Micropayments for Web Pages
Before I describe a micro-payment scheme, let me say that
micropayments for accessing web pages are not needed. The only
people it helps are those with popular sites, and they already
have advertisers paying all their maintenance costs. The readers pay
indirectly with their time by reading the advertisements.
Micropayments would raise monthly access fees for normal readers
twice, once to pay for the sites they are reading, once to pay for the
overhead of micropayments. Costs are already high. Half my
relatives who used to have internet access no longer do because the
monthly costs were too high. On the other hand, micropayments could
make it profitable to have a popular site, and it could reduce web
Overview of the scheme, the main ideas:
Alice wants to read Bob's web site, and both
have bank accounts (and share secret keys) with Tom. Tom gives Bob a
set of hashes of keys, for which Alice has the keys. Alice pays by
providing Bob the keys to match his hash values. The (key, hash)
pairs form an exponential set of coins, each worth twice as much as
the previous coin. At the end of the day, Bob reports to Tom how much
Alice owes him, and turns in his highest complete (key,hash) pair
(which is worth even more) as proof. If Bob wants to cheat, the
(key,hash) pair is worth at most twice what Alice really owes, so he
can't cheat much. I assume that hyperlinks give the cost of what they
- (x),b(x),k(x) are symmetric-encrypted x with keys a,b,k respectively.
- H(x) is a one-way hash of x.
- Bob has a bank account with Tom and shares a secret key b with him.
- Alice has a bank account with Tom and shares a secret key a with
him. Alice also has a counter.
- Alice wants to read Bob's web site.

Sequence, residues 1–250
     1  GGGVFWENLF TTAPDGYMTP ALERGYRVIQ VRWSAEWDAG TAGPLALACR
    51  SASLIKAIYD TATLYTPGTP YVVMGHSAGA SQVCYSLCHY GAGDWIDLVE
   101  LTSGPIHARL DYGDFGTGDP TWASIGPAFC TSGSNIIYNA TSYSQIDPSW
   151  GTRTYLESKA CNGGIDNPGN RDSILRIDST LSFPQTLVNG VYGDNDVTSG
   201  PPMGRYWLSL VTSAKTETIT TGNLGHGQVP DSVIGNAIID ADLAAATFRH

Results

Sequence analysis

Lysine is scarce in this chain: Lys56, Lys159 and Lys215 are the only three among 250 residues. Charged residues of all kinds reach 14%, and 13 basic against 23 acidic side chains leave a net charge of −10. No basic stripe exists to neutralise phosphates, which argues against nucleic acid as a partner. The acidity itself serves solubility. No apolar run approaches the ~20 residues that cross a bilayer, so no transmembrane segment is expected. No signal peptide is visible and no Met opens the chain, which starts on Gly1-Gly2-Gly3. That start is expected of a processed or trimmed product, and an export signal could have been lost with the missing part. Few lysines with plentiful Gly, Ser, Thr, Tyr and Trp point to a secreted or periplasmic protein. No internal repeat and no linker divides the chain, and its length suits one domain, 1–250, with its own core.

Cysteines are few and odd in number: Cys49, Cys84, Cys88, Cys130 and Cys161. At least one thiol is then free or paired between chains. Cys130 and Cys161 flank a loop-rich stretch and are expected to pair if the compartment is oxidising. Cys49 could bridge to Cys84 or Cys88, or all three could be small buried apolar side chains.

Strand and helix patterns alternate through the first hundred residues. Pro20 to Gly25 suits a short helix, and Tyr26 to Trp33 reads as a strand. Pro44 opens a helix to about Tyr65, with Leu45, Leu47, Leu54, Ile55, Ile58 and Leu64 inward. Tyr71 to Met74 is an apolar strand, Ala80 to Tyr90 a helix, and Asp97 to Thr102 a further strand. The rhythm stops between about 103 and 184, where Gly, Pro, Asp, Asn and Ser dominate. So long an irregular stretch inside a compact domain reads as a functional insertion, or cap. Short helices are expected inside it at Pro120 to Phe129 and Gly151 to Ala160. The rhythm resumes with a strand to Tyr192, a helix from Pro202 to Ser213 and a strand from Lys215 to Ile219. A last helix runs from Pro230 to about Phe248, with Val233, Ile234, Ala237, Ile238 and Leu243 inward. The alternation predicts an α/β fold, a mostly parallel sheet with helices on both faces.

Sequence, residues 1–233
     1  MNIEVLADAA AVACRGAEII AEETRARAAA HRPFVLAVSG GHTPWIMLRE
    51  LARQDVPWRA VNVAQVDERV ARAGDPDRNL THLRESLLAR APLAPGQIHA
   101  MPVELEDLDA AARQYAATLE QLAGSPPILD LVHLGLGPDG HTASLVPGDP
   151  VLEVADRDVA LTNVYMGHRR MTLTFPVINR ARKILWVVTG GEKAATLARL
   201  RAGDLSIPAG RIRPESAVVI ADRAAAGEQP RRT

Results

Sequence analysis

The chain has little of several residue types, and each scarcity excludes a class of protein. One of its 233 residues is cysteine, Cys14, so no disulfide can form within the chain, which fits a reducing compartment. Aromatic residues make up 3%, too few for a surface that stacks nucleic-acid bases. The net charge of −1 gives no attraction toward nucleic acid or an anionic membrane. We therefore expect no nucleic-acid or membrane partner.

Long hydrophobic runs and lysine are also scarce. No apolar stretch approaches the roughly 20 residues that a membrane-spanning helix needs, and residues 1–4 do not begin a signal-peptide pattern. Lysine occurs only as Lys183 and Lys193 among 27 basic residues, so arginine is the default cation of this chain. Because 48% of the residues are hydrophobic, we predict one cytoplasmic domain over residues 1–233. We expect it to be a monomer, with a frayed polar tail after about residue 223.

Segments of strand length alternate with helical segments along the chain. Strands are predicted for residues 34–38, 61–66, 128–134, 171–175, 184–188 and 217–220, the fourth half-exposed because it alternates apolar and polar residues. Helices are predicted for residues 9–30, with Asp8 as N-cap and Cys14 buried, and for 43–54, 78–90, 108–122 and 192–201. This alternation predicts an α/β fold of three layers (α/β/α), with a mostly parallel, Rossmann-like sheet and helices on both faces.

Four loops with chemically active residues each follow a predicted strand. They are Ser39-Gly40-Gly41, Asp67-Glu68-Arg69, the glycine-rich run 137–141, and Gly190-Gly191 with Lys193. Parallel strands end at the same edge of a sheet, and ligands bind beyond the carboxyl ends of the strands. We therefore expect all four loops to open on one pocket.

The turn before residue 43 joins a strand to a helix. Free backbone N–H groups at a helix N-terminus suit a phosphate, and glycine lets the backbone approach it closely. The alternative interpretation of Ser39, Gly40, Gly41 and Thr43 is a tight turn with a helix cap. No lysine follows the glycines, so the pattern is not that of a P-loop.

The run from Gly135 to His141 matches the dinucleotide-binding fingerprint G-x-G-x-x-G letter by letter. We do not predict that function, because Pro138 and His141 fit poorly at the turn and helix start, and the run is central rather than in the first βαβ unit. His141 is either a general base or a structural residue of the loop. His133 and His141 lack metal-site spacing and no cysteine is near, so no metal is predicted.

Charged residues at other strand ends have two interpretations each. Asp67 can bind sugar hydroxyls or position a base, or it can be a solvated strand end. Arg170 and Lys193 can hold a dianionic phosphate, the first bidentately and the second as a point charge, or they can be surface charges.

- Alice chooses i from her counter and bumps her counter by 12.
- Alice sends Tom, "Alice, a(i, Bob, date), I want Bob's X-page."
- Tom sees it is from Alice, decodes it with a, checks Alice's
account for funds, checks that the date is recent, and records a(i) as
identifying an unfinished payment from Alice to Bob.
- Tom sends Bob "Tom, Alice, b(session key k=a(i+11)). Here are
puzzles H(a(i))...H(a(i+10)), worth .1 cent to $1.02.4. The
solution to the .1 cent puzzle is a(i). Alice wants your X-page."
- Bob sees it is from Tom, notes that Tom gave him the .1 cent payment.
- Bob sends Alice, ".1, the X-page".
- (Alice could have sent Tom a bunch of i's earlier, and Tom could have
precomputed all the sets of puzzles offline. In that case Bob would
have to tell Alice a(i) in his first response.)
- Alice now wants the Y-page, worth 5 cents.
- Alice sends Bob, "Alice, a(i+6), .1, I want the Y-page".
- Bob checks that the hash of a(i+6) is H(a(i+6)), which means Alice has
payed up to 6.4 cents. This page is worth stealing so Bob encrypts
- Bob sends Alice "5.1, k(the Y-page)".
- Alice knows k=a(i+11) and decrypts the Y-page.
- Alice now wants the Z-page, worth .1 cent. She doesn't have to pay
Bob any more, she's already paid up to 6.4 cents, but she has to
identify herself (otherwise Mallet could request pages in her name).
So she hashes her account balance and session key.
- Alice sends Bob, "Alice, h(5.1,k), I want the Z-page".
- Bob checks h(5.1,k) to check this really is Alice. The new account
balance is 5.2, which is less than 6.4.
- Bob sends Alice, "5.2, the Z-page".
- Alice logs off.
- At the end of the day, Bob has collected puzzle solutions from many
people. He turns them all in to Bob.
- Bob sends Tom, "Bob, Alice, b(a(i)). Balance is 5.2. a(i+6)."
- Tom notes that Alice's a(i) is unspent, belongs to Bob, and that the
hash of a(i+6) is H(a(i+6)). Tom deletes a(i) from Alice's unspent
list and transfers 5.2 cents from Alice to Bob. He also transfers
some constant amount from Alice's account to himself for accounting
The web commerce page, DEC's Millicent, MIT's Kerberos,
IBM's iKP, CMU's NetBill, MicroMINT, PayWord. MicroMINT is worth
looking at, if only for its sheer wierdness.
The HOMFLY polynomial for knots and links
Hash Functions and Block Ciphers
Ms Lucy Had a Boyfriend
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